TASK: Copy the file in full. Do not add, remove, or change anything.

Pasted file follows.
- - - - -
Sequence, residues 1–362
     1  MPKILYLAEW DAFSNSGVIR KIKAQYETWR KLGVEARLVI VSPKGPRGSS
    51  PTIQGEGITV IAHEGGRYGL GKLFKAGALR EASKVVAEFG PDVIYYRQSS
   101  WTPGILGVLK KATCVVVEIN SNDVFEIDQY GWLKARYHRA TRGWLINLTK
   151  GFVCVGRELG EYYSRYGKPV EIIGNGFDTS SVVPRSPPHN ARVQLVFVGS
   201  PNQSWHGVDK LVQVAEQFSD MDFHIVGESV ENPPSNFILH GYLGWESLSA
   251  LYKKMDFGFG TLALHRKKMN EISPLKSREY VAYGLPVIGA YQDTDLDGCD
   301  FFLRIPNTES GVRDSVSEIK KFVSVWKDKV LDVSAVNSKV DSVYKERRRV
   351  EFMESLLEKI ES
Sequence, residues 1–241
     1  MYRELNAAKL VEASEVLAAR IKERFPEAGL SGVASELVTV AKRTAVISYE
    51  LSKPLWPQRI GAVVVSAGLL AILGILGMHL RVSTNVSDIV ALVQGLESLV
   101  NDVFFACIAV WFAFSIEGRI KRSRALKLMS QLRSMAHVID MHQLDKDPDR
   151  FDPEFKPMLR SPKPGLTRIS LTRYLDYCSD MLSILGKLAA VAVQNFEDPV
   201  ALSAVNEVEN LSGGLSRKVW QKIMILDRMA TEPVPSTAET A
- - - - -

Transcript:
Sequence, residues 1–362
     1  MPKILYLAEW DAFSNSGVIR KIKAQYETWR KLGVEARLVI VSPKGPRGSS
    51  PTIQGEGITV IAHEGGRYGL GKLFKAGALR EASKVVAEFG PDVIYYRQSS
   101  WTPGILGVLK KATCVVVEIN SNDVFEIDQY GWLKARYHRA TRGWLINLTK
   151  GFVCVGRELG EYYSRYGKPV EIIGNGFDTS SVVPRSPPHN ARVQLVFVGS
   201  PNQSWHGVDK LVQVAEQFSD MDFHIVGESV ENPPSNFILH GYLGWESLSA
   251  LYKKMDFGFG TLALHRKKMN EISPLKSREY VAYGLPVIGA YQDTDLDGCD
   301  FFLRIPNTES GVRDSVSEIK KFVSVWKDKV LDVSAVNSKV DSVYKERRRV
   351  EFMESLLEKI ES
Sequence, residues 1–241
     1  MYRELNAAKL VEASEVLAAR IKERFPEAGL SGVASELVTV AKRTAVISYE
    51  LSKPLWPQRI GAVVVSAGLL AILGILGMHL RVSTNVSDIV ALVQGLESLV
   101  NDVFFACIAV WFAFSIEGRI KRSRALKLMS QLRSMAHVID MHQLDKDPDR
   151  FDPEFKPMLR SPKPGLTRIS LTRYLDYCSD MLSILGKLAA VAVQNFEDPV
   201  ALSAVNEVEN LSGGLSRKVW QKIMILDRMA TEPVPSTAET A